|Publication number||US6912920 B2|
|Application number||US 10/631,156|
|Publication date||Jul 5, 2005|
|Filing date||Jul 31, 2003|
|Priority date||Jul 31, 2003|
|Also published as||DE602004003310D1, DE602004003310T2, EP1503189A1, EP1503189B1, US20050022615|
|Publication number||10631156, 631156, US 6912920 B2, US 6912920B2, US-B2-6912920, US6912920 B2, US6912920B2|
|Inventors||Duane D. Fortune, Morgan D. Murphy|
|Original Assignee||Delphi Technologies, Inc.|
|Export Citation||BiBTeX, EndNote, RefMan|
|Patent Citations (20), Non-Patent Citations (1), Referenced by (4), Classifications (12), Legal Events (5)|
|External Links: USPTO, USPTO Assignment, Espacenet|
This invention is directed to apparatus for detecting the weight of an occupant of a motor vehicle seat for purposes of determining whether and how forcefully to deploy supplemental restraints, and more particularly to a load cell for measuring forces applied to a frame of the vehicle seat.
Vehicle occupant detection systems are useful in connection with air bags and other pyrotechnically deployed restraints as a means of judging whether, and how forcefully, to deploy the restraint. One fundamental parameter in this regard is the weight of the occupant, as weight may be used as a criterion to distinguish between an adult and an infant or small child.
Most prior weight estimation techniques involve installing a pressure sensitive element such as a variable resistance pad or a fluid filled bladder in or under a vehicle seat cushion, and utilizing the pressure measurement as an indication of occupant weight. See, for example, the U.S. Pat. Nos. 5,474,327, 5,987,370, 6,246,936, 6,101,436 and 6,490,936, assigned to the assignee of the present invention and incorporated by reference herein.
Alternatively, the occupant weight may be measured with one or more load cells that sense the forces (strain or pressure) that the seat applies to a bracket that supports the seat on the vehicle floor. See, for example, the Publication Nos. 41520, 41542, 41549 and 41559 from the November, 1998 issue of Research Disclosure. In most applications, the load cells utilize one or more strain gauge elements for sensing the vertical or z-axis force applied through the load cell due to occupant weight. One of the problems encountered with this approach is that strain gauge elements also tend to be sensitive to bending or cross-axis forces that are not functionally related to occupant weight. The bending or cross-axis forces can occur, for example, when the adjoining surfaces of the load cell and the sensor are mismatched, or when the seat applies a twisting force to the load cell. In any event, the presence of such twisting or cross-axis forces tends to corrupt the z-axis force measurement, leading to inaccurate occupant weight estimation. Accordingly, what is needed is a seat frame load cell that applies z-axis forces to a strain gauge sensor while minimizing the effects of forces that are not functionally related to occupant weight.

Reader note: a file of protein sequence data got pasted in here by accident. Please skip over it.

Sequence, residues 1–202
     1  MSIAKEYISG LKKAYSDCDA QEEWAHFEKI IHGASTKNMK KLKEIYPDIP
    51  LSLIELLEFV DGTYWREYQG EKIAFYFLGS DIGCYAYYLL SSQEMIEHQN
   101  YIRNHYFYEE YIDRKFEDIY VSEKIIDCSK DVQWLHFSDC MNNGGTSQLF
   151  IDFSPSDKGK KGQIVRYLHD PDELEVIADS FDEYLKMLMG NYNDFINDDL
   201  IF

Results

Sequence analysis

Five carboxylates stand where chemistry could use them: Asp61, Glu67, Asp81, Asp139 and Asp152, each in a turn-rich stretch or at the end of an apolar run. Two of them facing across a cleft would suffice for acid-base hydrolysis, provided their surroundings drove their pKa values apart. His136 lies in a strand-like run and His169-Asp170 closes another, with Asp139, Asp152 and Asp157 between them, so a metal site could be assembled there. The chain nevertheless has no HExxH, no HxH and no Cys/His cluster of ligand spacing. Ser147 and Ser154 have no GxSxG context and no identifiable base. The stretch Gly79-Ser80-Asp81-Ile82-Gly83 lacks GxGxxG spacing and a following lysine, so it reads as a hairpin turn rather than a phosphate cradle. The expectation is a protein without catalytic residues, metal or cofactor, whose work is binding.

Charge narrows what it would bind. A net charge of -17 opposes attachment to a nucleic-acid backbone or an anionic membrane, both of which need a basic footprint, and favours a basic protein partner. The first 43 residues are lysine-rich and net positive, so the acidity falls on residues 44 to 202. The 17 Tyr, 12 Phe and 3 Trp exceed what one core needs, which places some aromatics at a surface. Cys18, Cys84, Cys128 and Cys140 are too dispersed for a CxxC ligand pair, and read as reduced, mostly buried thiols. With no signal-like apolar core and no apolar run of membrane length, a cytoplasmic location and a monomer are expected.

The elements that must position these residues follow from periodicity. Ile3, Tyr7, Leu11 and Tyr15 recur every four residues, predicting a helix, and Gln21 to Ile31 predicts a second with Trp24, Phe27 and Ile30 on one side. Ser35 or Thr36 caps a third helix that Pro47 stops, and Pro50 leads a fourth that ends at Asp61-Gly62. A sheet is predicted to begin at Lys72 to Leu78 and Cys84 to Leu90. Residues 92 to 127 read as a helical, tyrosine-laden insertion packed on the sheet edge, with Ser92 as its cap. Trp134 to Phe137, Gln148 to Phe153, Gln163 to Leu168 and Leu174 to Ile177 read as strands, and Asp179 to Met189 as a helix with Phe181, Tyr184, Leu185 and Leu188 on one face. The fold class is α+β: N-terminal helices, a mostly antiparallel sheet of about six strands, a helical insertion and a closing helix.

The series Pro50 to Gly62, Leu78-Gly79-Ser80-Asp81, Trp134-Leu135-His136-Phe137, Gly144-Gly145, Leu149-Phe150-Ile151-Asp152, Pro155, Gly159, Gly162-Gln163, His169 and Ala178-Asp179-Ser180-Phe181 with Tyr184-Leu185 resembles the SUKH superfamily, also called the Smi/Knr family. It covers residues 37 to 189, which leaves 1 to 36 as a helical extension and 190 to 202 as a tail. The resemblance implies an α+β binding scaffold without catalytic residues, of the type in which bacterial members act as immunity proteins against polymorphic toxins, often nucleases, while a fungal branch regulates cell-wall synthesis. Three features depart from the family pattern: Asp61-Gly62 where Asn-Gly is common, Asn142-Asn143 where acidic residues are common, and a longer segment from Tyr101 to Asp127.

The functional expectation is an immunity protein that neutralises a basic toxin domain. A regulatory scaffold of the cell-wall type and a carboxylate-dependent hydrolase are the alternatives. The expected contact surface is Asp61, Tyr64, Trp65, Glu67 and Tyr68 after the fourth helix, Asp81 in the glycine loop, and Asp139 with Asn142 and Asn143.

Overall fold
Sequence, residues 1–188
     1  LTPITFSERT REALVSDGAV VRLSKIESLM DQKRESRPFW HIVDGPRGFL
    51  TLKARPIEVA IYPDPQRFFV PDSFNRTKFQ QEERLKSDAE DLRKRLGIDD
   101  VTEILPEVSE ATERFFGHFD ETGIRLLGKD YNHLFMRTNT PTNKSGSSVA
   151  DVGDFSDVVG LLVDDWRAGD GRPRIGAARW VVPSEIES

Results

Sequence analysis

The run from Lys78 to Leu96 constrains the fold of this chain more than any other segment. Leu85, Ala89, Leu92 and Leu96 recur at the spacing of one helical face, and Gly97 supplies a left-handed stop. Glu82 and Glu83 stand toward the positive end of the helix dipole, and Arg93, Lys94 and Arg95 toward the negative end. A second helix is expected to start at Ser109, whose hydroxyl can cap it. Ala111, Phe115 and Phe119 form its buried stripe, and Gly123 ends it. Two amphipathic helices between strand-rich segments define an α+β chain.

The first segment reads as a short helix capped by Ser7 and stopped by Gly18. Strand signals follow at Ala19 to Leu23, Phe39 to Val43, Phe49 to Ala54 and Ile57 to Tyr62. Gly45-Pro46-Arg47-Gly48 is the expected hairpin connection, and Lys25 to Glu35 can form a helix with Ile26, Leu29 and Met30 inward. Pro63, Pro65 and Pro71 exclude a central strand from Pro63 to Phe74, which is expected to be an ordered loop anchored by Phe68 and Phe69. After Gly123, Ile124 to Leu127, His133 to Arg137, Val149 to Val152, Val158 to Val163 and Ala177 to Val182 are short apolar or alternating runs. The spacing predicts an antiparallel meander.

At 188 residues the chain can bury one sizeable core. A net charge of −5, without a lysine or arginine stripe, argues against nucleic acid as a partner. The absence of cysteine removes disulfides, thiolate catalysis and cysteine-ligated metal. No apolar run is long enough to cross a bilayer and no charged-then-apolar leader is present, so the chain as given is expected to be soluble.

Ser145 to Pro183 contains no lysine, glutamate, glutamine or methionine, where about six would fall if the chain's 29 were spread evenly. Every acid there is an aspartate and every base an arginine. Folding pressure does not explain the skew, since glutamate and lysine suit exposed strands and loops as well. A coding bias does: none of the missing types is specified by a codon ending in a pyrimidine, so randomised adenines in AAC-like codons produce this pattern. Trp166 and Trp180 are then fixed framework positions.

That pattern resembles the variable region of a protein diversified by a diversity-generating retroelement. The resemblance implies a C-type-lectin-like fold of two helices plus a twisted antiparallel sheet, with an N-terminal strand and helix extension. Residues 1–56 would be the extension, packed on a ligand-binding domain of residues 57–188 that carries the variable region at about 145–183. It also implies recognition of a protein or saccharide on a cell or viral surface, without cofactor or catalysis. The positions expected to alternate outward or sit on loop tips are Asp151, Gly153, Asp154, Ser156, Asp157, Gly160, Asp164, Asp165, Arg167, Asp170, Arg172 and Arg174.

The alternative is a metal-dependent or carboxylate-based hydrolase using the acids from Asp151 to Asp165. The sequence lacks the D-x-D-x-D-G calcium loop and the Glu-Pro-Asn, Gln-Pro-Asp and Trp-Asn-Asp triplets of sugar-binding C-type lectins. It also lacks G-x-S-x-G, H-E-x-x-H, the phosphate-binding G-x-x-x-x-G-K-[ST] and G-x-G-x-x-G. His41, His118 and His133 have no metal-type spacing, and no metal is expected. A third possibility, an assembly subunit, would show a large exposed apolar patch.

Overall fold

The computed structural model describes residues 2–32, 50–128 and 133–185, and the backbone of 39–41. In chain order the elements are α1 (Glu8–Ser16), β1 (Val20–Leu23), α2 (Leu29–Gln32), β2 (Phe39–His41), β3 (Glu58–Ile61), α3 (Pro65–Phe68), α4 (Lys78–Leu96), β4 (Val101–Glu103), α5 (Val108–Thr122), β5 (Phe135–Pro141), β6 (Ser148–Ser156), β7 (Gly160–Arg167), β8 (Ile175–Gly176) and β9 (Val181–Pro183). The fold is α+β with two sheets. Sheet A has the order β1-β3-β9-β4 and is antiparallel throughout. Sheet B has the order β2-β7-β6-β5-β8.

The present invention is directed to an improved seat frame-based occupant weight estimation load cell that transfers the seat force to a floor bracket through a spherical ball and a ball actuator. The ball is in contact with the force sensor and has minimal contact area with either the ball actuator or the force sensor so that the transfer of forces not functionally related to occupant weight is minimized. In the preferred embodiment, a ball actuator is coupled to the seat frame, and a sensor bracket aligns the ball actuator with respect to the sensor. The sensor bracket is preferably domed to securely anchor the seat to the floor bracket via the ball actuator in the event of an inverse overload. A spring disposed between the ball actuator and the dome of the sensor bracket biases the ball against the sensor to preload the sensor for enabling off-loading detection.
The present invention will now be described, by way of example, with reference to the accompanying drawings, in which:
Referring to the drawings, and particularly to
In a typical mechanization, there are four load cells (left front, right front, left rear and right rear); however, only the left-front and left-rear load cells 20, 20′ are visible in FIG. 1. Since the various load cells 20, 20′ are identical, the following description of the load cell 20 applies equally to load cell 20′ as well as the right-front and right-rear load cells.